Effect of in vivo neuronal activity on remyelination
ECTRIMS Online Library. Angulo M. 10/26/17; 202513; 157
Maria Cécilia Angulo
Maria Cécilia Angulo
Contributions
Abstract

Abstract: 157

Type: Oral

Oligodendrocytes precursor cells (OPCs) are a main source of remyelinating oligodendrocytes (OLs) in demyelinating diseases such as Multiple Sclerosis (MS). Although remyelination can occur in MS lesions, it becomes increasingly incomplete and eventually fails with the progression of the disease. Recent reports in different animal models have shown that OLs preferentially myelinate electrically active axons in normal conditions. These findings suggest the interesting possibility that an increased activity of demyelinated axons could modulate oligodendroglia dynamics to increase remyelination. The goal of the present study is to investigate whether an increased axonal activity in vivo modifies the dynamics of OPCs and OLs and promotes remyelination after acute demyelination induced in the adult mouse corpus callosum by focal injection of alpha-lysophosphatidylcholine (LPC). To increase the activity in LPC-demyelinating lesions, we use an optogenetic approach in Thy-1-ChR2-YFP transgenic mice. In these mice, the light-activated protein channelrhodopsin-2 (ChR2) is expressed in cortical layer V pyramidal neurons and thalamic fibers, whose myelinated axons cross the corpus callosum and can be activated by blue light in freely moving mice after LPC-induced demyelination. To determine how neuronal activity in lesions affects OPC and OL dynamics as well as remyelination, we combined optogenetics with immunostainings, extracellular recordings and electron microscopy. We found that in vivo axonal photostimulation promotes remyelination. Our results shed light on the activity-dependent regulation of the remyelination process.
Disclosure: No conflict of interest.
Financial support: Fondation pour la recherche sur la Sclérose en Plaques (ARSEP), Fondation pour la Recherche Médicale (FRM).

Abstract: 157

Type: Oral

Oligodendrocytes precursor cells (OPCs) are a main source of remyelinating oligodendrocytes (OLs) in demyelinating diseases such as Multiple Sclerosis (MS). Although remyelination can occur in MS lesions, it becomes increasingly incomplete and eventually fails with the progression of the disease. Recent reports in different animal models have shown that OLs preferentially myelinate electrically active axons in normal conditions. These findings suggest the interesting possibility that an increased activity of demyelinated axons could modulate oligodendroglia dynamics to increase remyelination. The goal of the present study is to investigate whether an increased axonal activity in vivo modifies the dynamics of OPCs and OLs and promotes remyelination after acute demyelination induced in the adult mouse corpus callosum by focal injection of alpha-lysophosphatidylcholine (LPC). To increase the activity in LPC-demyelinating lesions, we use an optogenetic approach in Thy-1-ChR2-YFP transgenic mice. In these mice, the light-activated protein channelrhodopsin-2 (ChR2) is expressed in cortical layer V pyramidal neurons and thalamic fibers, whose myelinated axons cross the corpus callosum and can be activated by blue light in freely moving mice after LPC-induced demyelination. To determine how neuronal activity in lesions affects OPC and OL dynamics as well as remyelination, we combined optogenetics with immunostainings, extracellular recordings and electron microscopy. We found that in vivo axonal photostimulation promotes remyelination. Our results shed light on the activity-dependent regulation of the remyelination process.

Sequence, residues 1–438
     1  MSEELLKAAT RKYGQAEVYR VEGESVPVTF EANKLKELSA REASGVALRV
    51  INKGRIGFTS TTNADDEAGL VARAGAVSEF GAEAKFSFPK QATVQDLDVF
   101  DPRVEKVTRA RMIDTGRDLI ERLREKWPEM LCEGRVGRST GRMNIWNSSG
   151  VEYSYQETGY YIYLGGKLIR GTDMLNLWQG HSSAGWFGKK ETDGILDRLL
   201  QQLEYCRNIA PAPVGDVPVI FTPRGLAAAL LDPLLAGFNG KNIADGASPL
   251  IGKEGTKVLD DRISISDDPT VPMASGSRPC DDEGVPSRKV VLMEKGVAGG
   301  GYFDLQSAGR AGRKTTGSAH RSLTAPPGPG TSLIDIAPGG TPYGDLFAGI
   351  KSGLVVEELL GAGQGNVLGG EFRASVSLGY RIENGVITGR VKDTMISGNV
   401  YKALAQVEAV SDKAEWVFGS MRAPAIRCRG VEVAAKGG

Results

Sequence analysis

Disclosure: No conflict of interest.
Financial support: Fondation pour la recherche sur la Sclérose en Plaques (ARSEP), Fondation pour la Recherche Médicale (FRM).

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